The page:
Rethinking the Americas, Rethinking African American Studies


Lucius Outlaw

Vanderbilt University



Indeed, it is an honor to be asked by accomplished and highly respected colleagues to participate in a symposium devoted to rethinking the bordered configurations of landmasses which have been defined, constructed, and maintained, with force, as the various racialized and ethnicized nation-states and regions of the “Americas.” And, devoted, as well, to rethinking the disciplinary and interdisciplinary ventures in terms of which knowledges of various kinds regarding these Americas are produced, validated, justified, legitimated, mediated, institutionalized, refined, and maintained; by and in service to whom; according to what agendas. I am, then, pleased to share in these rethinking efforts, but more than a bit chastened by the challenges to be faced in accepting the task of offering reconsiderations of “African American Studies” as my contribution.

However, these are exhilarating challenges, thus I welcome the opportunity the invitation has provided to join colleagues in collaborative rethinkings which, if we continue our efforts and are successful, may well substantially alter the terms and means by which we produce and mediate knowledges of matters “American” at Vanderbilt University, certainly. (We must get on with the production and mediation and leave to others beyond Vanderbilt judgments of the propriety and significance of our efforts.) To a substantial degree, our University is in transition: is being subjected to willful renovations of a number of its intellectual and social organizational agendas intended to enhance its mission and the fulfillment of it. As part of this process, we are compelled to rethink not only what we do in many areas of knowledge-production and mediation, but to rethink who we take ourselves to be and whom we serve in the production and mediation of knowledges. Rethinking, then, cuts deeply…

Which is why I am so challenged by joining in these efforts as, in part, Director of African American Studies, a program that has waxed and waned at Vanderbilt (more the latter than the former, I think) for more than two decades. Its emergence was very much a part of developments throughout the USA from the late 60s through the 70s during which nationalist sentiments and agendas were relatively ascendant among the political, economic, social, and, more broadly, cultural projects of dispersed Negroes-becoming-Black folks, becoming Afro-Americans, becoming-African Americans, becoming-Africans in the US, in the Americas. Out of the quest for “Black Power!” there emerged pressured quests for greater access for black folks to educational opportunities in Historically White Colleges and Universities (HWCUs), soon followed by pressured quests for education (courses, programs, pedagogy) more relevant to the needs and aspirations of persons more highly conscious, self-conscious, and self-affirming of their being of African descent, being a black people, as they defined their needs and aspirations; then pressured quests for more black educators (and support staff and resources such as Black Cultural Centers and programming) to produce and mediate this more appropriate and relevant black knowledge by and about black people(s) to black students, first and foremost, but on terms and in ways that would serve the decidedly progressive historical development of black folk in US America, and elsewhere (for example, in decolonizing Africa and the African diaspora).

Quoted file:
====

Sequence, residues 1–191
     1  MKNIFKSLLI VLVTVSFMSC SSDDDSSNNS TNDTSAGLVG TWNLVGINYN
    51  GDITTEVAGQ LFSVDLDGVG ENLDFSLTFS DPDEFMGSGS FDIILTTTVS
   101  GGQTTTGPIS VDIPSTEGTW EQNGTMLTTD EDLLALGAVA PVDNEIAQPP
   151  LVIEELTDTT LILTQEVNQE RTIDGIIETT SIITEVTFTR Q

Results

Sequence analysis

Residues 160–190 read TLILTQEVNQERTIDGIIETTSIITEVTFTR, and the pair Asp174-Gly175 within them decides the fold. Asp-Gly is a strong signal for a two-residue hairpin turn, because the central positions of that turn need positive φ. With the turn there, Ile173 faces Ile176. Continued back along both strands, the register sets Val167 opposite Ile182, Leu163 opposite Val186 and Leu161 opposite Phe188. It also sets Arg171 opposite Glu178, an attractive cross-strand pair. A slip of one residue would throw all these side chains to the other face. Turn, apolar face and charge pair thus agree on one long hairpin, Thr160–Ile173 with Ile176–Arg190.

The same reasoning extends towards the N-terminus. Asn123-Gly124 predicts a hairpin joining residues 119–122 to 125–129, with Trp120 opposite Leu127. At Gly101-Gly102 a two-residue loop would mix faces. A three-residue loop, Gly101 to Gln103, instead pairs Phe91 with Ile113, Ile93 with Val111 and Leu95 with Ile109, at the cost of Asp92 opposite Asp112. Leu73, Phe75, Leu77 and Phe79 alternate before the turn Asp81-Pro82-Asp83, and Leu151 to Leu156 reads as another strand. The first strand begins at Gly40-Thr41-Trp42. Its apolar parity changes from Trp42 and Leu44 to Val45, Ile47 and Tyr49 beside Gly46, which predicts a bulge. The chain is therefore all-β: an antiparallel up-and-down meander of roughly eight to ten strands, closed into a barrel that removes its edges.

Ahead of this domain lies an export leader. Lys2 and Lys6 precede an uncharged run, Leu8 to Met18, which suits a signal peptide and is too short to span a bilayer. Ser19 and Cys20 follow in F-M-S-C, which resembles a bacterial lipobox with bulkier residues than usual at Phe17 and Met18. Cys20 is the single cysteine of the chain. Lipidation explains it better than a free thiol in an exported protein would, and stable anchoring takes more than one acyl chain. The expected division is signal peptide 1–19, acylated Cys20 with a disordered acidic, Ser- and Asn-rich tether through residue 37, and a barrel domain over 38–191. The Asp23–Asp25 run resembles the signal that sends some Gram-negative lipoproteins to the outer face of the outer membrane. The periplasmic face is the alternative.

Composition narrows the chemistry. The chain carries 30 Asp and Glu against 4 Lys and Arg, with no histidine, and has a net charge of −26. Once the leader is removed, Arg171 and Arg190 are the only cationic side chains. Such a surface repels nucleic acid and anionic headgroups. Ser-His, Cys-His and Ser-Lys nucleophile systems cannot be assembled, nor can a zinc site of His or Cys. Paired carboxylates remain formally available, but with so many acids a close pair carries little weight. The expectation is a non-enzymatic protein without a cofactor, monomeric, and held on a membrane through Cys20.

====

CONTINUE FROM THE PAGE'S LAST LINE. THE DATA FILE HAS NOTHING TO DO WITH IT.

Thus, the mission of Black Studies knowledge-production and mediation: to facilitate the liberation of black peoples (and, by extension, white folks, too, though this was not on most Black Studies agendas early in the struggle) from the ravages of white racial supremacy and to promote black self-determination and healthy self-affirmation; and, as well, to re-educate all regarding the full and undistorted truths of the histories of African peoples and their descendants, on the African continent and throughout the Diasporas, of these peoples’ and descendants’ achievements and contributions to the storehouses of human civilization, of their future possibilities beyond the limitations of suppressive racial apartheid. A two-fold mission, then, one both academic and socio-political in the fullest senses: production and mediation of decidedly new knowledges in the Academy, but in service to the needs and aspirations of black folks generally for freedom and unfettered opportunities to fashion and enjoy lives of flourishing to the fullest extent available.

The production and mediation of knowledges in service to liberation and flourishing of black folks, knowledges to be shared with all. However, fulfilling this mission requires coordinated knowledge-production and mediation of a number of disciplines, especially History, Religion, Sociology, Political Science, Economics, Creative Production (i.e., Art, Literature, Music, Dance, other Performing Arts), and Psychology according to a model articulated by Maulana Karenga in the most prominent textbook in Black/African American Studies.[1] That is, as the critical and systematic study of the thought and practice of African people in their current and historical unfolding…,[2] such studies require the resources of all disciplinary ventures in knowledge-production having to do with human beings, though in this case particularized to inquiries and articulations with black folks as both subject-matters and Subjects, both the objects and producers of the knowledges, historically and contemporarily, wherever black folks have been and are.